Treatment Center CEO talks about the difference in patient vs. client
Treatment centers across the United States are searching for solutions to synthetic drug abuse. These new drugs are creating huge problems for the people who use the drugs. Calls to poison control centers across the country have increased in recent months, and emergency room physicians are reporting an increase in patients treated for the negative effects of synthetic marijuana and bath salts.
The unfortunate increase in popularity of these synthetic drugs has created a challenge for law enforcement and the medical community. These synthetic drugs are easily accessible, especially by teenagers, because they are sold in convenience stores and at gas stations. Lawmakers are trying to crack down on the distribution of synthetic drugs and banning the chemical ingredients, but the manufacturers are smart and find other ways to skirt the ban, making it difficult to stop the products from getting into the wrong hands.
Synthetic drugs have become big business, and when companies are marketing the products with bright packaging and seemingly innocent names, the problem continues to escalate. More and more people are turning to synthetic drugs because they are cheap, and many have discovered these products because pain clinics are closing in response to the prescription drug abuse epidemic. Many addicts are just exchanging one high for another. These drugs are just as addictive as prescription drugs or illegal drugs.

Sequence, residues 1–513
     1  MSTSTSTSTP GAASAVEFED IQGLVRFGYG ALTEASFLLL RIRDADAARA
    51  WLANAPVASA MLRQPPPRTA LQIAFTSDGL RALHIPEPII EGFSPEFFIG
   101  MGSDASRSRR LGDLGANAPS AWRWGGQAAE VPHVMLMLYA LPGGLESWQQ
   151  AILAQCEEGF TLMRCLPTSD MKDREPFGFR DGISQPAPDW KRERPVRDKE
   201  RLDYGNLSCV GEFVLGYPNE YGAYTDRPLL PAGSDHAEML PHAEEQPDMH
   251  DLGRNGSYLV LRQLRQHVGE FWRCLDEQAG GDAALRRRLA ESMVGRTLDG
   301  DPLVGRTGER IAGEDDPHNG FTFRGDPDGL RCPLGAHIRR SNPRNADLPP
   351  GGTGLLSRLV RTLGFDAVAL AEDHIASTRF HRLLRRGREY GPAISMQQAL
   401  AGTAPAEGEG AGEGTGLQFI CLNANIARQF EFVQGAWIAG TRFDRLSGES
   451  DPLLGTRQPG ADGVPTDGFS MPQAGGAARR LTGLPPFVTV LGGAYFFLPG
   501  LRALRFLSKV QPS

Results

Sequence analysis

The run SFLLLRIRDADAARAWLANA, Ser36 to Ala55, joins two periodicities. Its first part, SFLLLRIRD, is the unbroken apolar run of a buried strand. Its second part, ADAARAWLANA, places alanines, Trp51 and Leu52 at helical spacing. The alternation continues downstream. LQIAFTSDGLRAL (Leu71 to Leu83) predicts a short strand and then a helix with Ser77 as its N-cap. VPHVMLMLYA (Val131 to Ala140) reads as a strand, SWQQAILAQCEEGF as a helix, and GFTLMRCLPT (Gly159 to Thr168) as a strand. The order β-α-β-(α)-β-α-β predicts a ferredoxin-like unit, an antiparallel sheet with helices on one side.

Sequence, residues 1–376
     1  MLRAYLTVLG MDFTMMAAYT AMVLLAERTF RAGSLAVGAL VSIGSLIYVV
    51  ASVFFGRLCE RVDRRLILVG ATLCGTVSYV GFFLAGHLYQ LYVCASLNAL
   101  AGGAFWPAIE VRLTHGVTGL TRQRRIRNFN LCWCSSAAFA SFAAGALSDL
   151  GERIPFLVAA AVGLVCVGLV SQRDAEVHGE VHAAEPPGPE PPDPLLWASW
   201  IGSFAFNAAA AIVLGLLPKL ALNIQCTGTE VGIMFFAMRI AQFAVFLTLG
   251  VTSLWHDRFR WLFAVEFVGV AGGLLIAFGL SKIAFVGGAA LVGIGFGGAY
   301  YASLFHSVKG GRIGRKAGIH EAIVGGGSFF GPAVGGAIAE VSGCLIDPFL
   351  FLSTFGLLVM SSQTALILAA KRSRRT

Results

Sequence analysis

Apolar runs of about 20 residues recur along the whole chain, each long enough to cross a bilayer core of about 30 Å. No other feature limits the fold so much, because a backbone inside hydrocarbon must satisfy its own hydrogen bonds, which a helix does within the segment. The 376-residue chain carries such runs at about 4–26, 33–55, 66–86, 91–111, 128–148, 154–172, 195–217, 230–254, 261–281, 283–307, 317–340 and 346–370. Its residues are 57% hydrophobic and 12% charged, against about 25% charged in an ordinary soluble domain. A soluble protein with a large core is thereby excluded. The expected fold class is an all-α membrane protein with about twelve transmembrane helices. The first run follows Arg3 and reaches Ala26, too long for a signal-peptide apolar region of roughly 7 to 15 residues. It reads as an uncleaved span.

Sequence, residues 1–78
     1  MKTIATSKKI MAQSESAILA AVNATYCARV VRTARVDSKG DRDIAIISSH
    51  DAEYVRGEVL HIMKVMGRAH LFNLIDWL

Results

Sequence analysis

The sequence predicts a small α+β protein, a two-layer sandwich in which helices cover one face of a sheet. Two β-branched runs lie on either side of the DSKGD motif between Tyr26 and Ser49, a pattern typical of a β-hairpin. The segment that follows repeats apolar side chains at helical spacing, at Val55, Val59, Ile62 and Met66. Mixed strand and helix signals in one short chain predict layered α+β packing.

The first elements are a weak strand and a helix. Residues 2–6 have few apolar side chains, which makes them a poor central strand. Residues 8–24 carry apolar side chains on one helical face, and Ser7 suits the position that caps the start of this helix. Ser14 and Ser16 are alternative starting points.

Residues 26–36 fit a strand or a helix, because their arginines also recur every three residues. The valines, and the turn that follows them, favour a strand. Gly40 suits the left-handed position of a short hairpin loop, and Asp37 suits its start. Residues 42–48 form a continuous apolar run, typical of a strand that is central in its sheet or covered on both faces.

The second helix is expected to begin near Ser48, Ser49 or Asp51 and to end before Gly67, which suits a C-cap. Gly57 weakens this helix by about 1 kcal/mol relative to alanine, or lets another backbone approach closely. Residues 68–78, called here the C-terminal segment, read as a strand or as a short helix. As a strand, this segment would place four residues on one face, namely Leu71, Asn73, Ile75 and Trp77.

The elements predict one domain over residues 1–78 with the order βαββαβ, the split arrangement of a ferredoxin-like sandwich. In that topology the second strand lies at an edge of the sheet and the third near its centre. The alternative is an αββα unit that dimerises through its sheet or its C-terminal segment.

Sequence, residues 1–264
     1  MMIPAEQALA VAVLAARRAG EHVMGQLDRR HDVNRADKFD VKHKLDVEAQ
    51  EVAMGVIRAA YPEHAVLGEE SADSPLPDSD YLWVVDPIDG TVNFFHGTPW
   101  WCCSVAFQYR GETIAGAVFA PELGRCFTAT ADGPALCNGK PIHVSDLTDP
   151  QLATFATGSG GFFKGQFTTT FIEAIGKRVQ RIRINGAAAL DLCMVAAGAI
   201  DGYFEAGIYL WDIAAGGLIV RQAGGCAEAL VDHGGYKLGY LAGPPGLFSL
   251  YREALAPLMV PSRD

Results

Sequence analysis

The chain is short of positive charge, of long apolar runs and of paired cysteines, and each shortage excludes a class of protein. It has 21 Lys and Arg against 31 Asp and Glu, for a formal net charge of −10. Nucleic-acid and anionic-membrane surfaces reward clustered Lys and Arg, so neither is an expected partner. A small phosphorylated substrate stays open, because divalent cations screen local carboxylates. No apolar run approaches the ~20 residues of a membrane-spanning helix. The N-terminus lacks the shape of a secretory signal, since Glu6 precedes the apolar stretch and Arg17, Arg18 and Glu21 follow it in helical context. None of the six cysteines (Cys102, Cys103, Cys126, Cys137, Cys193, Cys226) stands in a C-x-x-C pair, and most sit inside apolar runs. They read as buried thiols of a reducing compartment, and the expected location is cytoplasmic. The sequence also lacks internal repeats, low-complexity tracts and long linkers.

There are significant health problems associated with synthetic drug use. Emergency room physicians are seeing hallucinations, seizures, irregular heart rhythms, drug-induced rage, kidney failure, and in extreme cases, death from the use of these drugs. Treatment centers are trying to wrap their head around this new problem, and many drug rehabs are finding their resources taxed beyond anyone's imagination. Although insurance companies often do not cover detox from these substances treatment centers need to rise to the occasion, and find new and innovative ways to help people who have become addicted to these synthetic drugs.